Deputy Director Generla GeneraL,GES, Kwabena Bempah Tandoh on PM Express

Deputy Director-General of the Ghana Education Service (GES), Kwabena Bempah Tandoh says his outfit is relying on advice from health practitioners to keep schools in the country open amidst the surging novel coronavirus pandemic.

According to him, they have been working closely with health professionals “in terms of what we can do to ensure that we bring our certain groups of students back into the schools.”

“And we’re receiving trainings in certain areas in terms of what we need to do around symptom detection and such. And we are relying on the advice of health professionals to look at once there is a case in a school as we have in Accra Girls’ in terms of do we close or do we not close? That is the decision the health practitioners after their assessment will make a call for us or at least recommend to us,” he added.

He asserted that should the health professionals recommend that schools be shut down again; the GES would do just that.

Speaking on JoyNews’ PM Express, Kwabena Tandoh explained that at the moment should there even be such a recommendation schools wouldn’t be shut down at a go, instead, it would be taken on a school by school approach to preventing the risk of spread of the virus.

“One of the things in conversations that I’ve been hearing in a couple of days is that I keep hearing even from the health professionals is that at this point you have a ‘semi-quarantined’ group of students on campus.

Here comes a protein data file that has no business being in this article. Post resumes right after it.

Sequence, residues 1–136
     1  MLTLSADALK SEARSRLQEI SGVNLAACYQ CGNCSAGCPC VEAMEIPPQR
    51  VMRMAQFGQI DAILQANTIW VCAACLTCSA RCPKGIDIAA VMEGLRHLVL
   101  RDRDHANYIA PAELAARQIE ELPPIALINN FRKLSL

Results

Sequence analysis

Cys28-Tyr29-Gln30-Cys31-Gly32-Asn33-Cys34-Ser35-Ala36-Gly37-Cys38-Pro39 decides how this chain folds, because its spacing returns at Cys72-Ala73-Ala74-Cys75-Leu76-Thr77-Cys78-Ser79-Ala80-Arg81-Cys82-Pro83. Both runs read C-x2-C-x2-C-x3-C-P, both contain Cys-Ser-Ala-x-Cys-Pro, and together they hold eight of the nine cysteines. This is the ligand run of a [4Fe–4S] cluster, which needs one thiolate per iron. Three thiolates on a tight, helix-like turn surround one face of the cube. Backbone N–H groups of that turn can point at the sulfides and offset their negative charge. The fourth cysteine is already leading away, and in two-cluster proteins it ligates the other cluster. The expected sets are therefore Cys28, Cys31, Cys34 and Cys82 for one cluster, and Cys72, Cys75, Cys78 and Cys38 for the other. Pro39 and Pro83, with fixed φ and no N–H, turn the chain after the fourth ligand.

“If you have identified say, five or six cases like in the case of Accra Girls’ before you can finish your contact tracing and know who is affected and who is not affected. If you say close and let everybody go home, you’re increasing the risk for everybody because the students will go in all directions.

“So just like at the University of Ghana, the president instructed closures of schools at the beginning, because they had some cases at the University of Ghana, the students had to wait for some time, for some contact tracing to be done before they could make the decision to allow them to go,” he explained.

At the moment, there have been 13 reported positive cases of Covid-19 in secondary schools across the country.

According to the GES Deputy Director-General, considering the fact that schools just reopened exactly two weeks ago, and the gestation period of the virus being 14 days (two weeks), it indicates that the students may have been infected with the virus before arriving in their various schools.

He said though there have been conversations about a possible threshold for the closure of schools if the number of positive Covid-19 cases surge, the GES will continue to rely on the advice of the health professionals to make that decision.

“There have been conversations around what do you do when we reopen and there are outbreaks because there were the expectation and the understanding that you cannot bring the risk down to zero. So there were conversations around what is good, what is safe and what is not safe.

“We do know that once the advice comes from health practitioners that we should close, we will close. But we’re also careful not to double communicate otherwise people will be sitting there counting cases.  And you don’t want a situation that you have invited students to come back to school and they’re sitting there counting cases ‘am I going to write or am I not going to write? is my school going to close or it’s not going to close?

“And so we were careful to understand how we ensure that the students have a certain level of peace of mind as they come back to school,” he explained.